It is not the Conservatives he needs to worry about.  UKIP is the main threat now.  Far from needing a Blue Labour small ‘c’ conservative programme thought needs to be going into Purple Labour with a programme based around ending the importation of cheap labour; restoring the rights of the post war welfare state; reasserting genuine freedom of speech, freedom of protest, freedom to directly interact with the decision-makers who control policies (local MPs, not far-away EU bureaucrats).

“In the Labour Party we can have anyone, so long as they’re a Blairite"

John McDonnell MP tells us “In the Labour Party we can have anyone, so long as they’re a Blairite":

Also lefties, do not forget that both Andy Burnham and Yvette Cooper voted in favour of the Iraq War.

You cannot get more Blairite than the Iraq War - it defines Blairism (unthinking obedience to a manipulative ideology based on expediency, power lust and the triumph of style over substance).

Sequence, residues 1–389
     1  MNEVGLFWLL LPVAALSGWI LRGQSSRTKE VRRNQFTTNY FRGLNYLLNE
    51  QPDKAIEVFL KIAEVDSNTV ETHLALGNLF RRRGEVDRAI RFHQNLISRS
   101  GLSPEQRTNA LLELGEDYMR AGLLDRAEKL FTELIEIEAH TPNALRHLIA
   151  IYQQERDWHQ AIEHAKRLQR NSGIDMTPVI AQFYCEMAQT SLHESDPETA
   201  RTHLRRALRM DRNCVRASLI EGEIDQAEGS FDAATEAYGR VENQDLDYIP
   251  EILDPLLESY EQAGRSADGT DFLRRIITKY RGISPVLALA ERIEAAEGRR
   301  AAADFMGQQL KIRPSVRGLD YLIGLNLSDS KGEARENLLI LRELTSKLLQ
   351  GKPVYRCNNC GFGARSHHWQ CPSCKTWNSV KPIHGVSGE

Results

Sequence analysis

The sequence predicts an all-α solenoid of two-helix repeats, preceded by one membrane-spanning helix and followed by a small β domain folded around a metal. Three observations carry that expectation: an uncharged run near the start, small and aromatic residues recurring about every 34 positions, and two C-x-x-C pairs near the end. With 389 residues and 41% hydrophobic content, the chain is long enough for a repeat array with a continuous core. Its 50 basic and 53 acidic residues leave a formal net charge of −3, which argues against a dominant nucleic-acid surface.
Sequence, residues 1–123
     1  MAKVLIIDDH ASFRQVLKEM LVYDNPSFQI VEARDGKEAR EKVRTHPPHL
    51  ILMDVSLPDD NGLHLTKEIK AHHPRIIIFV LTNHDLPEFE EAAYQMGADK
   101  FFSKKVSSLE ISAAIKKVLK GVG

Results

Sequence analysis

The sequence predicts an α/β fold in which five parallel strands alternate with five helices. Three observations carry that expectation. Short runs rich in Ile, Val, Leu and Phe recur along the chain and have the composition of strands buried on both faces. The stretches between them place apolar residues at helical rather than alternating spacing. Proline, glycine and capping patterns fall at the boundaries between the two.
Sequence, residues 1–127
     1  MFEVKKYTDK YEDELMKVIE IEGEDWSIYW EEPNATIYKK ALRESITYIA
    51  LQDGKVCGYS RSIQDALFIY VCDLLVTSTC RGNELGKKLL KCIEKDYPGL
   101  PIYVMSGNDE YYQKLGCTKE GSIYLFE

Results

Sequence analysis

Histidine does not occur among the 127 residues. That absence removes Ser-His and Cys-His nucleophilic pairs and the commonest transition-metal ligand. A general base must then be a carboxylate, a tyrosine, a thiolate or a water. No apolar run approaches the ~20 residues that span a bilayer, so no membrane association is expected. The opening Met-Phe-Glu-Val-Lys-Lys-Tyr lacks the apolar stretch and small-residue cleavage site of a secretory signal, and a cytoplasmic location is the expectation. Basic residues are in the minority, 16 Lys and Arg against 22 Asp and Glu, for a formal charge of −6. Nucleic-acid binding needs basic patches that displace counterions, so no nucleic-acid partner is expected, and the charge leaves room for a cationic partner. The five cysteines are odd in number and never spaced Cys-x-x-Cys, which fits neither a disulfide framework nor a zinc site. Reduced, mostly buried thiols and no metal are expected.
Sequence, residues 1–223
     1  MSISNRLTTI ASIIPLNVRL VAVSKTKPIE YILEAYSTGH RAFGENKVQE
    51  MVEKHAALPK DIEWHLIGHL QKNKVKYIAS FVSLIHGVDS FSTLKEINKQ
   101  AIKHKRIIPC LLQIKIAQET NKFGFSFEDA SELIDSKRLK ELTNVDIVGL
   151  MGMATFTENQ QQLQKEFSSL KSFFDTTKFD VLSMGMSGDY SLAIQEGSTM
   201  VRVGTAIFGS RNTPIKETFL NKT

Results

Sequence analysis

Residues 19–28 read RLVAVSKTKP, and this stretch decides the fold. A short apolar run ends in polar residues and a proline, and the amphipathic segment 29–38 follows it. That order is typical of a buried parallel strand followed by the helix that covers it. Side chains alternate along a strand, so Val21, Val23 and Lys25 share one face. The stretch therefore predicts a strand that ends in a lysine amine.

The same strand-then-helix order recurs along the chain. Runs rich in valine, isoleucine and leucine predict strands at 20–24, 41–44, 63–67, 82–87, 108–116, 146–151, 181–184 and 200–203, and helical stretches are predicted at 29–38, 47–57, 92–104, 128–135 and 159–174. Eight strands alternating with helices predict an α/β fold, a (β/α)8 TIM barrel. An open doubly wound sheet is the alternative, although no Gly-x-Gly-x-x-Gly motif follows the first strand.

The Iraq War was an unnecessary political fashion statement.

Wednesday, May 20, 2015

An interview of Brit Pop luminary Damon Albarn

Channel 4 News created their own left-wing luvvie slot last night with an interview of Brit Pop luminary Damon Albarn.

Mr Albarn told us he knew instinctively that Tony Blair was evil the moment he met him.

This was received with some incredulity by Jon Snow, as if it was some kind of quasi-mystical revelation.

Presumably Messrs Snow and Albarn have forgotten the "Demon Eyes" campaign of 1997 when Tony Blair was shown with an accuracy that was uncanny in its prescience.

And do they not recall that the Demon Eyes were celebrated by Labour SPADs of the time?  Did not Andy Burnham and the brother of Ed Miliband and the spouse of Yvette Cooper play in an amateur football team called Demon Eyes?  So it's not as if they didn't know what they were getting involved in.

If only people had listened imagine how many hundreds of thousands of lives would have been saved in Iraq.

Oh the pity of it all.